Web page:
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Thread: Remodeled Kitchen Sink Plumbing

  1. #1
    DIY Junior Member timjnich's Avatar
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    Default Remodeled Kitchen Sink Plumbing

    I am in the midst of installing my new kitchen in an apartment building constructed in 1969 in Canada. I intend to use an under mount sink in my new design but only really recently realized that my drain pipe was roughed in at 25-1/4 inches from the finished floor (middle of drain pipe). The top of my sink cabinet (minus countertop) is 34- 3/4", meaning I have 9-1/2" to work with. I have no intention of installing a Garborator.

    I've spoken with 3 plumbers now as well as some big box store "experts" and I've yet to receive any kind of consensus from them about what I can do. I am trying to avoid removing the wall and cutting into the cast iron pipe in the wall and lowering my drain.

    It has been recommended that I utilize my clean out to create my new drain but it seems that the threads on the inside of my pipe are not compatible with the male adapter I purchased.

    I'm wondering if there is a minimum amount of space one needs between the drain and the bottom of the sink. If I were to configure a long trap out of 90 degree bends would I be able to use an 8" depth sink? I realize that if I were to do this I'd see water almost flush with the top of my tail piece but are there other consequences of this?

    I appreciate any and all suggestions!
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  2. #2
    Test, Don't Guess! cacher_chick's Avatar
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    It always best to know what sink is being used when the plumbing is roughed in. Most new installs here put the trap adapter 15-16" above the floor.
    If the piping in the wall is vertical, you only need a hole wide enough in the back of the cabinet to cut out the old tee and install a new one. A new false back in the sink base hides it when the job is done.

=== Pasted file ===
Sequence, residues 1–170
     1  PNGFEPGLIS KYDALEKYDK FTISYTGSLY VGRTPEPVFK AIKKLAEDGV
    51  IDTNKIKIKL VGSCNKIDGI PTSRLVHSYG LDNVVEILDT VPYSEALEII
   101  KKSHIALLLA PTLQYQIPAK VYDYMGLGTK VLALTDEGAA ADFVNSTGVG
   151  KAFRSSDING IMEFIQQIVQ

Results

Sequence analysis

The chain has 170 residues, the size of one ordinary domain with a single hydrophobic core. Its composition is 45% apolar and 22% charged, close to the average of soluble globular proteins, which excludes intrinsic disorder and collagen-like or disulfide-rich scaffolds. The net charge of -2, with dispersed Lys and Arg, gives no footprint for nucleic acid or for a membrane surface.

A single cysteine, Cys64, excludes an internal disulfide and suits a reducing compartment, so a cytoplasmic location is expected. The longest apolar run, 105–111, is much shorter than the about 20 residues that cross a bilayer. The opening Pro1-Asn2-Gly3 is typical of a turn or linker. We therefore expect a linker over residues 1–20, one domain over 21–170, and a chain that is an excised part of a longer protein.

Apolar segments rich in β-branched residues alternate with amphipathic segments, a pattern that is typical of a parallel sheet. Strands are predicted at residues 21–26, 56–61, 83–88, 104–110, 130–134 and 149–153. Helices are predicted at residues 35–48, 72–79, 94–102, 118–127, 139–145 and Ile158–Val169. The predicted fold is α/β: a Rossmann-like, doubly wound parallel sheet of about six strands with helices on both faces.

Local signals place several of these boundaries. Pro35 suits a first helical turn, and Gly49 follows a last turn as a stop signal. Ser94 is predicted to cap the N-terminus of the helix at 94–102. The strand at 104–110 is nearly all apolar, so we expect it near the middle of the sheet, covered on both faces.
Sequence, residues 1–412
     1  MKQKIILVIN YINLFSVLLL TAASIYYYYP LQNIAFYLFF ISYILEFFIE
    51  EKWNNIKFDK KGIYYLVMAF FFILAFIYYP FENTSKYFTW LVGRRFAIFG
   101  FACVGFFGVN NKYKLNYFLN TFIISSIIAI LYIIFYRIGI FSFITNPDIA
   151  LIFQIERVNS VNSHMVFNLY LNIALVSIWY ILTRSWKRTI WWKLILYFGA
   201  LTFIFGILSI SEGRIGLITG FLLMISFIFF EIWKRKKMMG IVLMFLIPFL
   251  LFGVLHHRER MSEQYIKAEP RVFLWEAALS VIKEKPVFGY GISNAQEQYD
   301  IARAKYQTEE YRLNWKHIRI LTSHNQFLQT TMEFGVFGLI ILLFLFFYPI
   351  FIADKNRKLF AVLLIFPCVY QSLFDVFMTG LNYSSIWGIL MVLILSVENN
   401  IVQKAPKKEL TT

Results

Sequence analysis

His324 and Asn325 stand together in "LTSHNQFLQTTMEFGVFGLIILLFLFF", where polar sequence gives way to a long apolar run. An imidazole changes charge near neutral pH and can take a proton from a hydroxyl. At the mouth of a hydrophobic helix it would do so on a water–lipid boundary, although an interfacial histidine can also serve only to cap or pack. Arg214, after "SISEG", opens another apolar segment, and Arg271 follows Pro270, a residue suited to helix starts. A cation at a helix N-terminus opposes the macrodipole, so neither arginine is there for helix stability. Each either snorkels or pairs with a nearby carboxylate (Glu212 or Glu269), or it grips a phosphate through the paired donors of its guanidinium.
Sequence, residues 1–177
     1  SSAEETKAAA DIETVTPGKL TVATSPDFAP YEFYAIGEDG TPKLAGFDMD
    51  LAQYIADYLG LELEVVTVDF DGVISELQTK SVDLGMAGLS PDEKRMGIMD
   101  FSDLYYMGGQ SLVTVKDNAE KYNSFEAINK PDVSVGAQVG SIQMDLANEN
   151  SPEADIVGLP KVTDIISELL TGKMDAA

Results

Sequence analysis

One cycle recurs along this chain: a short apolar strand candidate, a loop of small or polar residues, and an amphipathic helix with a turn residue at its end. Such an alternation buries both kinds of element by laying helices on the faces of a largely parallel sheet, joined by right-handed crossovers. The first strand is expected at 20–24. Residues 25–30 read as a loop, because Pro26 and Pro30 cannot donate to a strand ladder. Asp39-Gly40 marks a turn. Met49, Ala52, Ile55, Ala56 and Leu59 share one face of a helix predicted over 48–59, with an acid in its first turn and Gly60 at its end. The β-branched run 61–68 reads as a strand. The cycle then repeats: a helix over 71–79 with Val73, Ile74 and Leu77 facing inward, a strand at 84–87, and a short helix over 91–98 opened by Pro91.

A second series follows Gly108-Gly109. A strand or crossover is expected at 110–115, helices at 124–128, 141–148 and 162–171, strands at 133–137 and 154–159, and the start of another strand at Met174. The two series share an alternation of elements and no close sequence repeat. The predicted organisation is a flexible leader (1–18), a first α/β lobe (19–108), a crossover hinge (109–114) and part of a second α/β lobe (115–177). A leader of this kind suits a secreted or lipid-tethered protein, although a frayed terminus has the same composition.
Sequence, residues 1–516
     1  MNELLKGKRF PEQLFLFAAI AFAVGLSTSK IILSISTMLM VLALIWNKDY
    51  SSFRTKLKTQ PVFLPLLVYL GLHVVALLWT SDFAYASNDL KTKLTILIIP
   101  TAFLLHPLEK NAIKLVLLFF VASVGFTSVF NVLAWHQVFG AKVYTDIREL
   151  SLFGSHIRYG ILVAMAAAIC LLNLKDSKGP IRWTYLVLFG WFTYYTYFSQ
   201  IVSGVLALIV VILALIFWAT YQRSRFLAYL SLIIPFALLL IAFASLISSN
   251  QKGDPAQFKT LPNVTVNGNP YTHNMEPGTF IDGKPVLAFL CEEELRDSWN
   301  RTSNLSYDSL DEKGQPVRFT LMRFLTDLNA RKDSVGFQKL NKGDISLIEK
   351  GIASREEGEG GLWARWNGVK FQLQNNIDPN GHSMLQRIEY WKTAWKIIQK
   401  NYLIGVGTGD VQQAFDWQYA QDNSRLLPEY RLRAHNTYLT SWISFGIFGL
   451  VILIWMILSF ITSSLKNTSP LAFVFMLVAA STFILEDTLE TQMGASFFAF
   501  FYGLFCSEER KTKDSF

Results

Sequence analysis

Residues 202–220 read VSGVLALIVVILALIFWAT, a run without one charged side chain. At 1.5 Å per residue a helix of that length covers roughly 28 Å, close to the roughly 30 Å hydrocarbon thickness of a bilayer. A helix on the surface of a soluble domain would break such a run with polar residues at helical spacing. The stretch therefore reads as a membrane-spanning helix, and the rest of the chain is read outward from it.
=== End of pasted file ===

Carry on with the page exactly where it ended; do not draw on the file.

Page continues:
3. #3
    DIY Junior Member timjnich's Avatar
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    Quote Originally Posted by cacher_chick View Post
    It always best to know what sink is being used when the plumbing is roughed in. Most new installs here put the trap adapter 15-16" above the floor.
    If the piping in the wall is vertical, you only need a hole wide enough in the back of the cabinet to cut out the old tee and install a new one. A new false back in the sink base hides it when the job is done.
    Thanks for your suggestion. The pipe in the wall is verticle so what you suggest would be possible but I'm confused as to why everyone else I've spoken to has told me that if I wish to lower my drain, then I have to cut out a 1.5 foot section of the cast iron pipe and replace it with a new piece with a lower drain. This process is obviously something I'm trying to avoid as I have 4 apartments above me and I'd have to have them suspend their water use while the work is underway. Is your suggestion viable for a cast iron pipe?

  4. #4
    Test, Don't Guess! cacher_chick's Avatar
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    The pipe should not have any waste coming down from the floors above, as it is a vent. The concern with cutting in a new tee is the weight of the pipe above, and how it is supported.
    In most areas it is illegal for an unlicensed person perform plumbing work in a multi-family residence. The liability you take on in doing work like this is substantial.

  5. #5
    Moderator & Master Plumber hj's Avatar
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    The problem with trying to make the current drain opening work is that water would "fill" the disposer. When you turned it on, it would make a horrendous vibrating sound until it pumped the water out. In addition, the water standing in the unit would cause it to deteriorate very quickly. The cleanout has a "test plug" in it, so the threads may be rusted out, but it is also a 2" opening, which is why your fitting does not work in it.
    Licensed residential and commercial plumber

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    Forum Admin, Expert Plumber Terry's Avatar
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    You may want to open the wall and see what can be changed there. If there is any way to lower the drain, or if not, get a shallower sink.
    First rule of plumbing is that water goes "downhill".

  7. #7
    Moderator & Master Plumber hj's Avatar
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    9" from the center of the drain to the top of the cabinets, which is where the sink rim will be, will be very tight for any sink and drain combination and absolutely impossible with a disposer unit.
    Licensed residential and commercial plumber

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